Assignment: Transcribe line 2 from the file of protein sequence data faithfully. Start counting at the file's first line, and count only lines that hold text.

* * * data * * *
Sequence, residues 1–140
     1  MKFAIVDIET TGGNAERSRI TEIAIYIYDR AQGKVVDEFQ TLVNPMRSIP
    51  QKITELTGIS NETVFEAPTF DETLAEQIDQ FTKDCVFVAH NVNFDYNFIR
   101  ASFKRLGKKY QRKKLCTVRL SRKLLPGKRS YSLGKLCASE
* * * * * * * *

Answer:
     1  MKFAIVDIET TGGNAERSRI TEIAIYIYDR AQGKVVDEFQ TLVNPMRSIP